Copyright © 2018 The Authors. Published by Elsevier Inc. All rights reserved.
BACKGROUND - Right ventricular (RV) dysfunction contributes to mortality in chronic heart failure (HF). However, the molecular mechanisms of RV failure remain poorly understood, and RV myocardial biomarkers have yet to be developed.
METHODS AND RESULTS - We performed RNA sequencing (RNA-seq) on 22 explanted human HF RVs and 5 unused donor human heart RVs (DON RV) and compared results to those recently reported from 16 explanted human LVs We used Bowtie-Tophat for transcript alignment and transcriptome assembly, DESeq for identification of differentially expressed genes (DEGs) and Ingenuity for exploration of gene ontologies. In the HF RV, RNA-seq identified 130,790 total RNA transcripts including 13,272 protein coding genes, 10,831 long non-coding RNA genes and 8,605 pseudogenes. There were 800-1000 DEGs between DON and HF RV comparison groups with differences concentrated in cytoskeletal, basement membrane, extracellular matrix (ECM), inflammatory mediator, hemostasis, membrane transport and transcription factor genes, lncRNAs and pseudogenes. In an unbiased approach, the top 10 DEGs SERPINA3, SERPINA5, LCN6, LCN10, STEAP4, AKR1C1, STAC2, SPARCL1, VSIG4 and F8 exhibited no overlap in read counts between DON and HF RVs, high sensitivities, specificities, predictive values and areas under the receiver operating characteristic curves. STEAP4, SPARCL1 and VSIG4 were differentially expressed between RVs and LVs, supporting their roles as RV-specific myocardial biomarkers.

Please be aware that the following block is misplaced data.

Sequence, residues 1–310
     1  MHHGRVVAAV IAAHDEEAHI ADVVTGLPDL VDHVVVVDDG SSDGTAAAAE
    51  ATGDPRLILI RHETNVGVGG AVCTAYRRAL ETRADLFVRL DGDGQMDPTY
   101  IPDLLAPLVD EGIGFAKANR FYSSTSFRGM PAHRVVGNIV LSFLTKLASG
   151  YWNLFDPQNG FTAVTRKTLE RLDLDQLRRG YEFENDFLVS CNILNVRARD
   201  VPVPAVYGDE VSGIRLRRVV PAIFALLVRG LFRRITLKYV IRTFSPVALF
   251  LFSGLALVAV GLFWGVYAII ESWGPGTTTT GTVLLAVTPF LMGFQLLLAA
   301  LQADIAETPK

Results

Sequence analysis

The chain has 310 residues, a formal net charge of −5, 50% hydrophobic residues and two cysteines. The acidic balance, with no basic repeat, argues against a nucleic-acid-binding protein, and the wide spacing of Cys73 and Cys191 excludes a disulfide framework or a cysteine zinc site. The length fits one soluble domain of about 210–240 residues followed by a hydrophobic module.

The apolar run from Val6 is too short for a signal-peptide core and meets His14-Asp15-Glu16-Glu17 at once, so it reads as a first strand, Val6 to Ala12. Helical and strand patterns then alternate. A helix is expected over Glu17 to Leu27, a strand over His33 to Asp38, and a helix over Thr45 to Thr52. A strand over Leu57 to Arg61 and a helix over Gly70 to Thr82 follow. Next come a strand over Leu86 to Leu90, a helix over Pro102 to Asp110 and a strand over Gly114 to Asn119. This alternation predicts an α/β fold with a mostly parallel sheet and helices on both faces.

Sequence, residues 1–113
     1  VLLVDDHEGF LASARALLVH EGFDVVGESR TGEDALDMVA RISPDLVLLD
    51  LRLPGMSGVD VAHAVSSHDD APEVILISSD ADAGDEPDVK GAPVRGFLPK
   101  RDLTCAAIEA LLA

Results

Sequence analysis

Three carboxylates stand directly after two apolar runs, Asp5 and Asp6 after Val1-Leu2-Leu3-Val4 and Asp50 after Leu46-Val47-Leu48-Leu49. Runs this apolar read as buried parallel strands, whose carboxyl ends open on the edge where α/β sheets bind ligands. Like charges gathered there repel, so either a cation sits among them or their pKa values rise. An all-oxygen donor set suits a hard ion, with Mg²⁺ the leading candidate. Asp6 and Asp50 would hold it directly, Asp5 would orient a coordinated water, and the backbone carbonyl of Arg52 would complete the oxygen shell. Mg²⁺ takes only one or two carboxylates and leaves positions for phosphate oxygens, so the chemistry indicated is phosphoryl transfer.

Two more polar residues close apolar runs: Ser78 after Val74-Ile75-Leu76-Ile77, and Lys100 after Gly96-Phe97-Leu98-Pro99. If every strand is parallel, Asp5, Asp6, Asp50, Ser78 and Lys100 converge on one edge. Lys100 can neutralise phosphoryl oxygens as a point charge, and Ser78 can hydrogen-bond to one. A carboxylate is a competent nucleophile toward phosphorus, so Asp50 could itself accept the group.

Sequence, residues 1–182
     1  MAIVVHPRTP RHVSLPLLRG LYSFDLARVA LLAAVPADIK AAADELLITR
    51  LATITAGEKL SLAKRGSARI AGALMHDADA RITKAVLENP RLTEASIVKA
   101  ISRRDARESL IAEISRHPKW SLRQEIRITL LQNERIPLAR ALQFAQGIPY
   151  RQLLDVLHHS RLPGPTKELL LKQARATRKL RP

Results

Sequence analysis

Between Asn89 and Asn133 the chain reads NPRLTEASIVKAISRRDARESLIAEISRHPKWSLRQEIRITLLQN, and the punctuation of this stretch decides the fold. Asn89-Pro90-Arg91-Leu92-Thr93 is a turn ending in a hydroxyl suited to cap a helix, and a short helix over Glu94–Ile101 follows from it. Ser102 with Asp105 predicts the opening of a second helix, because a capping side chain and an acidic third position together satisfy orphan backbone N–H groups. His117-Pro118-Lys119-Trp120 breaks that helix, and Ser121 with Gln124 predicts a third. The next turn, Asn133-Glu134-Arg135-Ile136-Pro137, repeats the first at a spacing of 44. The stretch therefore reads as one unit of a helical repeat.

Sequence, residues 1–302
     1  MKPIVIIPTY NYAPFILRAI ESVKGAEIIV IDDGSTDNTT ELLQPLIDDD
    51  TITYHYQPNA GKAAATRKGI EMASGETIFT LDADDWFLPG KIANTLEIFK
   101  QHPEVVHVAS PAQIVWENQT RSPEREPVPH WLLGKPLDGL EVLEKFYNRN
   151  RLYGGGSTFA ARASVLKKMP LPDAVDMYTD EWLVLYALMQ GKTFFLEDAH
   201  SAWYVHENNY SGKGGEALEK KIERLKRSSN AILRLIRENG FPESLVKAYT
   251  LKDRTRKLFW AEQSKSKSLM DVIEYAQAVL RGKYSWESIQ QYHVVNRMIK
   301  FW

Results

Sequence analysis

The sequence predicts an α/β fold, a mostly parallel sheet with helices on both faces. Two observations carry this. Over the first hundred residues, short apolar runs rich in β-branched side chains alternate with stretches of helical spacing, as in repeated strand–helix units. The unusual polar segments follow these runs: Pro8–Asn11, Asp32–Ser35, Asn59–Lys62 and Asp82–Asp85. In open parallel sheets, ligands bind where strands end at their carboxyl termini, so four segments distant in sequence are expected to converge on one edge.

CONCLUSIONS - Unbiased, comprehensive profiling of the RV transcriptome by RNA-seq suggests structural changes and abnormalities in inflammatory processes and yields specific, novel HF RV vs HF LV myocardial biomarkers not previously identified by more limited transcriptome profiling approaches.
Copyright © 2015 Elsevier Inc. All rights reserved.